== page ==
For the past seven years, Rock Health has gathered digital health CEOs, from seed stage to round E (E!?), to hear how their colleagues address the challenges that, for the most part, everyone in the room has faced – or will soon. It was held at Wharton, San Francisco, which was one of the partners supporting the event (the other was a health care M&A advisory firm, The Braff Group, which seems vaguely familiar).
Packed with insightful speakers, networking opportunities, and great food (which, of course, included kale), it was a thoughtful and inspiring day.
Here, then, are some of the insights we learned at the Rock Health CEO Summit. Note that the quotes are paraphrased and attribution has been left out to protect the innocent.
“Death by Pilot.”
Perhaps no other comment at the conference elicited such a universal, all-too-well knowing chuckle. Apparently, it’s not a secret, particularly in health care technology, that to prove the efficacy of your innovation, you must prove it (and customize it “just so”) over, and over, until your investors’ patience – and funding – is over. And out.
“In building our organization, we don’t give our people fish, nor teach them how to fish. We teach them how to build a school for fishing.”
When it comes to clichés, a little bird told us they’re a dime a dozen (see what we did there?).
But when you turn them around into something new and even more insightful? Now that’s a diamond in the rough (last one, promise).
Sure, it’s great when an organization has invested enough in training and development that mission-critical responsibilities can be handled across the organization chart. The very best, however, know that the key to long term, geometric growth, is to create (a) a culture of independence, and (b) a human and operating infrastructure that supports the development of this capacity in others.
Clearly, the greatest thing since sliced bread (OK, we lied).
“The time to begin raising capital is right after you secured the last round.”
We have one word for this: Brilliant. And Perceptive (yup, lied again).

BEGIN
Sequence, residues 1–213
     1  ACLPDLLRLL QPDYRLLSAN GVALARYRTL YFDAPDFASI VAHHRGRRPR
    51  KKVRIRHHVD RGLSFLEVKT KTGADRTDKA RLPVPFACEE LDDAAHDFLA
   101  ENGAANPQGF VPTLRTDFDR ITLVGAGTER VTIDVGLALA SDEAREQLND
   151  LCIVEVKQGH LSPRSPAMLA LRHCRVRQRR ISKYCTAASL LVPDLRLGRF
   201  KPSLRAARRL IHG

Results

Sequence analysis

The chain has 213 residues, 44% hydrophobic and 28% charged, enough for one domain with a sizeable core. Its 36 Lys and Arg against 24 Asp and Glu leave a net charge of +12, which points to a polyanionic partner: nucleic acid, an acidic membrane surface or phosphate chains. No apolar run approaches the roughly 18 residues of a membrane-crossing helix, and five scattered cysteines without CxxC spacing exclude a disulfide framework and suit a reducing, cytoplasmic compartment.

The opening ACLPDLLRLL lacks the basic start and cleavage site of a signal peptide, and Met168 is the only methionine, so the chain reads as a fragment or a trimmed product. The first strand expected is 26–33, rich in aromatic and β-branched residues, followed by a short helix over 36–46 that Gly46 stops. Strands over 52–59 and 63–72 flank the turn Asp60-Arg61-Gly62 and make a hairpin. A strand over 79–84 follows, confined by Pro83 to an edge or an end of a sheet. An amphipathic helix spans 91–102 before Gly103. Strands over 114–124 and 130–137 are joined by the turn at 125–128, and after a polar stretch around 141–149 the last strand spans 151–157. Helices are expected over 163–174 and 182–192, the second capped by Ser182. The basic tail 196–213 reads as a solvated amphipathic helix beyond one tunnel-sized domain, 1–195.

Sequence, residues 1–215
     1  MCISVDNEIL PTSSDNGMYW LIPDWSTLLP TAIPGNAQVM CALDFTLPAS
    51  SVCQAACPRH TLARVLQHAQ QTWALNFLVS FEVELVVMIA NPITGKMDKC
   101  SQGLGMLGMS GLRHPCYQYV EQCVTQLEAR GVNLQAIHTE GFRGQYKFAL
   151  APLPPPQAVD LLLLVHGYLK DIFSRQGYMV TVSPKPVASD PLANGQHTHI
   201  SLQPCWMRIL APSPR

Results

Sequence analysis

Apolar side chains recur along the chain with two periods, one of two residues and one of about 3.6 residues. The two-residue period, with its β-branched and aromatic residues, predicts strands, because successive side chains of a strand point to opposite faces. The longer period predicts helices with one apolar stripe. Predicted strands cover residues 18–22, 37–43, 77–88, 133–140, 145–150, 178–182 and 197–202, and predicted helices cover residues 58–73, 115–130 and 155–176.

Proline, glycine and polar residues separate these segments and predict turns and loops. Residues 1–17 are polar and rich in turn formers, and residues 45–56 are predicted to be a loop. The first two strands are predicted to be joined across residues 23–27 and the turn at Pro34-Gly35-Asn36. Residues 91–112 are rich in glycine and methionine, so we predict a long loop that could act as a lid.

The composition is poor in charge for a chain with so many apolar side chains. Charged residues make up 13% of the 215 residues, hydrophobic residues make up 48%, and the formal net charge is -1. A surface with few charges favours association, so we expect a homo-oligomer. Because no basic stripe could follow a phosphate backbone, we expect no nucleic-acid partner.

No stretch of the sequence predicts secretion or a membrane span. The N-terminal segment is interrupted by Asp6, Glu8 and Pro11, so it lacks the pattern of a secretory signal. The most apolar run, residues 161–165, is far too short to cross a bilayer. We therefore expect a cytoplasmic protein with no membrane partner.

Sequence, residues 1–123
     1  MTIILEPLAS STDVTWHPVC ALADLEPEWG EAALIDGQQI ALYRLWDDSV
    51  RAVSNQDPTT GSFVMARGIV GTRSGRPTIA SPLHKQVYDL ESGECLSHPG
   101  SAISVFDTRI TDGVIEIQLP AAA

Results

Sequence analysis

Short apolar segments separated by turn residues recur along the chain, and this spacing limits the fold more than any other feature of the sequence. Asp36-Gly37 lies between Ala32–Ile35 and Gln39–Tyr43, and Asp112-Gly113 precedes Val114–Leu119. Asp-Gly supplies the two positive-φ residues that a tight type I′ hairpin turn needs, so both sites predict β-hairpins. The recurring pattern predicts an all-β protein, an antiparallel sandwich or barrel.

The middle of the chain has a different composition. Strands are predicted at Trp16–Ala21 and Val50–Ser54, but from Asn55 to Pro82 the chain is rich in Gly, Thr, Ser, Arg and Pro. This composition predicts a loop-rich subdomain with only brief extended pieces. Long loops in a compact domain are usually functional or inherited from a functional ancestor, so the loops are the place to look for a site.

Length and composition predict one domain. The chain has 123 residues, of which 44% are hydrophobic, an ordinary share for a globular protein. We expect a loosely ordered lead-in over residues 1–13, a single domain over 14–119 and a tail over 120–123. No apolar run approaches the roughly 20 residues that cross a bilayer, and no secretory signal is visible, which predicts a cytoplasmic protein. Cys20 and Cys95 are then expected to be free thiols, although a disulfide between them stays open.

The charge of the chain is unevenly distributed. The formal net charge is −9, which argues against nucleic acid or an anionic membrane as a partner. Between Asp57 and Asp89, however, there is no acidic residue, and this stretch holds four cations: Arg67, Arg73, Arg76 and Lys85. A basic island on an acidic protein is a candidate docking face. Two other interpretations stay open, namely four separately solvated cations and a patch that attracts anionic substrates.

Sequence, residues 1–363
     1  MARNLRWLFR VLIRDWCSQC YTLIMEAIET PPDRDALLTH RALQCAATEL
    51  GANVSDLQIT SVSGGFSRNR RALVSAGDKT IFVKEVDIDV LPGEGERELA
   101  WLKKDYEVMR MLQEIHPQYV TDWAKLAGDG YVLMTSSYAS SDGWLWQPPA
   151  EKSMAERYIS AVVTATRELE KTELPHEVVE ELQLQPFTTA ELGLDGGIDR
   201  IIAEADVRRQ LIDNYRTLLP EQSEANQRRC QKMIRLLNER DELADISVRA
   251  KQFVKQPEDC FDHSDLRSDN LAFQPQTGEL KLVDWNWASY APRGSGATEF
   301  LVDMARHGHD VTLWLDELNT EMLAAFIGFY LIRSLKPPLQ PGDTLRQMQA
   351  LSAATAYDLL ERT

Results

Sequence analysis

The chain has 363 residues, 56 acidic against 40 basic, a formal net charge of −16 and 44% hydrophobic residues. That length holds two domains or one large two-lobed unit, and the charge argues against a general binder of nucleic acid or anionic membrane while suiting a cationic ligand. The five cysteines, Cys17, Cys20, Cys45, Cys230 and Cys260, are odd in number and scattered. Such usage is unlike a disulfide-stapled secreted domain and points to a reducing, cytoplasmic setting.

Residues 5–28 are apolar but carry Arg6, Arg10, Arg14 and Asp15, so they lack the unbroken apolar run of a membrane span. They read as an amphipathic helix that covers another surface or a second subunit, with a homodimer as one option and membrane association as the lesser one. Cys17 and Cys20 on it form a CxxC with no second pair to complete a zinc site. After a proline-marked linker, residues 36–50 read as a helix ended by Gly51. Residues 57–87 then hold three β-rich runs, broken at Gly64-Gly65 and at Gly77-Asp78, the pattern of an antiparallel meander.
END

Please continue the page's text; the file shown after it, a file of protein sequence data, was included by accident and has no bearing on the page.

Knowing that desperation does not make for a good negotiating position (or valuation), the most successful CEOs embrace (perhaps begrudgingly) the notion that the “road show” never really ends. Sure, it may be in different stages which require different strategies and tactics. But you should never spend too much time at the rest stop. At least until the end of the road when you cash in at 10 times revenues.
“You can’t bootstrap a company targeting enterprise sales.”
According to Rock Health, “innovators are acutely feeling the challenges of enterprise sales. Selling to payers, providers, biopharma companies, and others is a tough game across the board. Sales cycles are long, requiring patience and a knack for relationship building. Finding the right buyer in a big organization can be disorienting. And crafting the pitch is tricky when talking to a complex, multi-faceted enterprise customer.”
If you’re developing an enterprise sales solution, you may be able to bootstrap your way through the initial phases of development and perhaps a limited number of pilots. But early on, you’ll still have to swap the boots for a pair of wingtips (pink socks, of course) to raise enough cash to survive the “tour de sales.”
One more thing. Whatever you think you need, double it.
“If you’re a CEO of a growing company, take time to take a break. Your staff will thank you for it.”
This remark made the cut not for the first sentence, but for the second. Sure, you need to take a break to “re-energize.” But, as momma said, “it’s not always about you.” And in a hard-charging environment, your employees need a break too. From you.
“Once you get FDA approval, the real work begins.”
Say what? After going through more trials than Jackie Chiles and enough paperwork to concern the National Forest Service, you’d think it would be “Hammer Time.”
It seems that the FDA requires very specific operational processes at virtually every touch point in a regulated product’s life-cycle. And even more processes to monitor and demonstrate compliance.
Who knew that health care was so complicated?
“When you ‘partner’ with a really big customer that requires substantial and seemingly never-ending customization, it might not really be a partnership.”
Now what it really is was left unsaid.
But feel free to fill it in with anything that describes when you have virtually no leverage to side-step the drain of all your financial, human, and emotional resources demanded by your, you know, partner.
“Now you can tell everyone you went to Wharton.”
 “Streamlining Enterprise Sales in Digital Health,” Rock Health, Bill Evans, Sue Shiao
 You know, Seinfeld.
 That was ours, but still…